Men with lymph node–positive prostate cancer fare better if they receive up-front adjuvant radiotherapy (RT) after prostatectomy instead of waiting for salvage RT, conclude researchers who conducted a review of 1614 such cases.
After adjusting for the use and duration of androgen deprivation therapy (ADT), the review investigators found decreased all-cause mortality at a median follow-up of 7 years among men with four or more positive pelvic nodes on pathology.
The all-cause mortality was 23.4% among 115 early salvage RT patients compared to 7.7% in 86 men who received adjuvant RT.
For each additional positive node, there was an 8% drop in all-cause mortality risk with adjuvant RT.
The findings were not statistically significant for the 1323 men with one to three positive nodes, but it may be that a larger cohort is needed for the results to reach significance, the authors comment.
The study was led by Derya Tilk, MD, a urology professor at the University Hospital–Hamburg-Eppendorf, Germany, where the patients were treated from 1995 to 2017.
It was published July 10 in the Journal of Clinical Oncology.
The findings suggest that in this particular patient population, salvage RT "may not be early enough" comment radiation oncologists in a related editorial.
"In an era where early salvage radiotherapy (sRT) is being broadly embraced over aRT [adjuvant radiotherapy] despite a continuous lack of randomized data for certain high-risk groups, such as pN1 patients," the findings from this study are "provocative," comment radiation oncologist Curtiland Deville Jr, MD, and resident Yilin Cao, MD, both of Johns Hopkins University, Baltimore, in the editorial.
Plugging an Evidence Gap
Past trials into RT timing after radical prostatectomy support salvage RT at prostate-specific antigen (PSA) progression, but they included very few men who were found to have positive nodes on post-surgery pathology (pN1), and in some cases the studies did not adjust for ADT use, the editorialist comment.
Even so, "in an overwhelming desire to avoid overtreatment, some clinicians ― whether consciously or subconsciously ― may inappropriately extrapolate" the conclusions of those trials to pN1 patients, they continue.
"Assuming that the preference for early salvage RT over adjuvant RT similarly applies to pN1 patients with an undetectable postprostatectomy PSA may lead to misguided clinical decision making and risk undertreatment of this decidedly higher-risk group," Deville and Cao say.
"By broadly abandoning aRT in favor of early sRT," there's "a distinct possibility" that "we are...harming pN1 patients," they say.
The editorialists conclude that "all patients with pN1 prostate cancer ― and particularly those with increasing node positivity ― should be counselled on the potential survival benefits of upfront adjuvant RT demonstrated in this study and the risk that early salvage RT may not be early enough," they add.
As for the investigators, they counsel that "the magnitude of the possible modest reduction in men with one to three positive" lymph nodes "should be personalized by considering life expectancy...and weighed against the potential toxicities of pelvic RT."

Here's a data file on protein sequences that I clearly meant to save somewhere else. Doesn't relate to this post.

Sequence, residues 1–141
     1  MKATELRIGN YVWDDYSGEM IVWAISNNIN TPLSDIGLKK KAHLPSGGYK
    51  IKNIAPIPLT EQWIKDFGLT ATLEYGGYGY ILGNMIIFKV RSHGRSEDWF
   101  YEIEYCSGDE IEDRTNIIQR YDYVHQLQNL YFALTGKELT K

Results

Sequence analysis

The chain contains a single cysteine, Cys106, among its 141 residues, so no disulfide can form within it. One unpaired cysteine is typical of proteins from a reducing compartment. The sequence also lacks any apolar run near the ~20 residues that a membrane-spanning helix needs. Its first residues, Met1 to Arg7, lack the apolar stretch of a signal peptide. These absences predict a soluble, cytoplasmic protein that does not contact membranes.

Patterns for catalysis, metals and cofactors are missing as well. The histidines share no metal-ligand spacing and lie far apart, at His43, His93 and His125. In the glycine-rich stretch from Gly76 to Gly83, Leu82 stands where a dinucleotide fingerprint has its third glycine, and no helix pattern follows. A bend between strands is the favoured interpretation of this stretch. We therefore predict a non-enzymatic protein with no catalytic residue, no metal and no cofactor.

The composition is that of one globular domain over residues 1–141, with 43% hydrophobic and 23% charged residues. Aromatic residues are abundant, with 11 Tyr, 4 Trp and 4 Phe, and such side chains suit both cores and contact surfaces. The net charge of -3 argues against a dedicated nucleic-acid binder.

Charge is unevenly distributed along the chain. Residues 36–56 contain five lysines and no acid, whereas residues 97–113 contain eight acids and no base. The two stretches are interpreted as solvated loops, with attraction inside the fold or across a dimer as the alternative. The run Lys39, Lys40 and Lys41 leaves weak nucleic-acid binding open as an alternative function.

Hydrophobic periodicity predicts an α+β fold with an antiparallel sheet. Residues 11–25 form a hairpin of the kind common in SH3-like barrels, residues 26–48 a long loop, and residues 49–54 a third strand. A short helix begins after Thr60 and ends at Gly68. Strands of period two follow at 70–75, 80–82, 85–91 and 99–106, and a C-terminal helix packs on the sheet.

Men with four or more positive nodes "would likely benefit, and this should be considered when deciding on whether to recommend adjuvant RT," they say.
The median number of lymph nodes sampled in the study was 12. In both the adjuvant and salvage RT groups, 45 Gy was delivered to pelvic nodes, and a median dose of 68.4 Gy was delivered to the prostatic bed.
Adjuvant RT was administered at a median of 3.42 months after prostatectomy, and salvage RT was delivered at a median of 21.36 months.
Men who received adjuvant RT were more likely to have worse disease, with PSA levels >20 ng/mL; tumors of stage pT3b or higher; positive surgical margins; and adjuvant ADT use. The investigators used propensity scoring and other methods to adjust for differences in patient and disease characteristics and treatment selection.
The editorialist note that among the possible confounders in the study, PSA at the start of salvage RT was a median 0.3 ng/mL, not the typical trigger of 0.1 – 0.2 ng/mL, so it's possible salvage therapy came later than it would in general practice.
Treatment at progression to castrate-resistant or metastatic prostate cancer followed European guidelines and was comparable whether men received adjuvant or salvage RT. The investigators say that even as standards of care evolved over the study period, "it is very unlikely" that differences in subsequent treatment between the groups accounted for the study findings.
No funding was reported. Tilki is an advisor, researcher, and/or reported honoraria from many companies, including Janssen, AstraZeneca, and Advanced Accelerator Applications. A second investigator reported similar ties, and another is an employee of Boehringer Ingelheim. Edororialists Deville and Cao have disclosed no relevant financial relationships.
M. Alexander Otto is a physician assistant with a master's degree in medical science. He is an award-winning medical journalist who worked for several major news outlets before joining Medscape and is an MIT Knight Science Journalism fellow. Email: firstname.lastname@example.org.
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